We are delighted to share the fantastic news that Apollo, the University of Cambridge’s institutional repository, achieved CoreTrustSeal certification in May 2023.
In 2020, Apollo was one of 10 repositories selected to take part in FAIRsFAIR Repository Support Programme through an open call to obtain CoreTrustSeal (CTS) certification. As a result, the Repository team was awarded funding to support the required certification activities.
What does this mean for Apollo?
CTS is an international, community based, non-governmental, and non-profit organisation that promotes sustainable and trustworthy data infrastructures. CTS is a self-assessment status for repositories, awarded based on meeting 16 requirements that reflect the characteristics of trustworthy repositories.
The achievement of CTS status for Apollo is a particularly important milestone, and one that is critical to several areas currently being developed as part of a wider Open Research Infrastructure programme led by Cambridge University Libraries (CUL).
Following certification, the Libraries are in a much stronger position to demonstrate the value of Apollo to key internal stakeholders, as well as our research communities. More importantly, CTS provides us with the opportunity to not only demonstrate the trustworthiness and robustness of the systems and processes involved in curating, making available, and preserving the University’s research outputs for the long-term, but also to meet funder requirements which are increasingly requiring more open practices and the deposit of publicly funded outputs in repositories with a trustworthy status.
The certification preparation and submission has been a remarkable collaborative effort across teams within Digital Initiatives and the Office of Scholarly Communication (OSC) and has provided our services with a fantastic opportunity to assess all processes and policies relevant to the delivery of our repository and data services. This work has involved reviewing all existing processes, workflows and underpinning policies, and more importantly, identifying areas where policies did not exist and subsequently developing them and making them publicly available where appropriate. It has also led to a full review, update, and improvement of key Apollo service pages.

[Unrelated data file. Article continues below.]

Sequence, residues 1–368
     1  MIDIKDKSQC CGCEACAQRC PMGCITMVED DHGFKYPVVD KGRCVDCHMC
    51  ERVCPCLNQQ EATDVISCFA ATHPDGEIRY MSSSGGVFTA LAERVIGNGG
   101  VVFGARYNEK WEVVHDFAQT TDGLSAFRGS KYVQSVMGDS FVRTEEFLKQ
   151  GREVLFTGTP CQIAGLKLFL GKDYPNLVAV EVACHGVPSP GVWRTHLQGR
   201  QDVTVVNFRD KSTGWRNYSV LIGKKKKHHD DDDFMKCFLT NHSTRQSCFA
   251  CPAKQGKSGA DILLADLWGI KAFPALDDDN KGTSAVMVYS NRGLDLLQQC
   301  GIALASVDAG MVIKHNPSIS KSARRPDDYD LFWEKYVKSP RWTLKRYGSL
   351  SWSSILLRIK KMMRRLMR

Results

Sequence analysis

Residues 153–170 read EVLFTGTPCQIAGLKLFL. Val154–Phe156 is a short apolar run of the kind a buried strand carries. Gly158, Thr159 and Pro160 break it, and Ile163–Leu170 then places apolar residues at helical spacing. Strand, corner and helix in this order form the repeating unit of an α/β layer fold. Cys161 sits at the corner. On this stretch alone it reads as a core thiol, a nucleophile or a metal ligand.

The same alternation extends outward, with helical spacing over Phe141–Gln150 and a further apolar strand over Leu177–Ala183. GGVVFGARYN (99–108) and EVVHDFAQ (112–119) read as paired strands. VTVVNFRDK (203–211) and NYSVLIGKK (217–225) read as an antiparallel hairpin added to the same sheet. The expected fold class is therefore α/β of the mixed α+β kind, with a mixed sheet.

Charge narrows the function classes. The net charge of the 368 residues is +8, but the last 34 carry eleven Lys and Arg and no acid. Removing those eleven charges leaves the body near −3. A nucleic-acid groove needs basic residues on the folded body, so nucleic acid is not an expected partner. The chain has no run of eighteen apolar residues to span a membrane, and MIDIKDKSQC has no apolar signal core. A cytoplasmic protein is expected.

This work has been critical to formalising key policies and demonstrating best practice for system management and service delivery, which has led to continuous improvement and further professionalisation of key services supporting Cambridge’s open research communities.
Towards better support for our research communities
For Apollo and underpinning services, it is not only about achieving certified status. It is important that researchers, and our user communities, do trust Apollo and are reaffirmed about the University of Cambridge’s commitment to preserve its research outputs for the long-term and ensure widest possible access, following the FAIR (Findable, Accessible, Interoperable, Reusable) principles:
Findable: we know that content in the repository scores high in search results on Google and Google Scholar and receive large numbers of downloads based on our use of COUNTER-compliant usage tracking services such as IRUS UK.
Accessible: as outlined in Apollo’s succession plan and digital preservation policy, CUL strives to maintain the availability of deposited works in Apollo indefinitely. Apollo’s core activities include the preservation, curation, and dissemination of the research outputs it holds with the aim of guaranteeing that all content entrusted to it by depositors remains suitable for the needs of its primary users now and in the future. Once a research output is published in Apollo, a persistent Digital Object Identifier (DOI) is minted and associated with the output.
Interoperable: Apollo makes use of open, community-driven, and well-adopted standards and technologies: all public content is available via a REST (REpresentational State Transfer) API (Application Programming Interface) and high-quality metadata for repository content is available via OAI-PMH and DataCite Search endpoints. This is critical to ensure continued access, dissemination, and the long-term availability of research outputs being produced and shared via institutional, research repositories.
Reusable: to reassure our users that they are accessing and using quality data, we provide careful and detailed guidance for data depositors about how to make their data FAIR, clearly outline the review and quality checks we perform upon submission, as well as require that every repository submission must include some human-readable documentation.
Find out more
More detailed information about Apollo and CoreTrustSeal is available in the following pages:
Apollo, trustworthy digital repository
Apollo’s CoreTrustSeal application (full application)
We would like to acknowledge the support of FAIRsFAIR in our CoreTrustSeal certification journey. FAIRsFAIR is playing a key role in the contribution to policies and practices for broader adoption of FAIR practices, and in the development of standards for FAIR certification of repositories.
Dr Agustina Martínez-García, Head of Open Research Systems, Digital Initiatives
Dr Sacha Jones, Research Data Manager, OSC
Peter Sutton-Long, Repository Manager, Digital Initiatives
Caylin Smith, Head of Digital Preservation, Digital Initiatives
Digital Services’ DevOps team, Digital Initiatives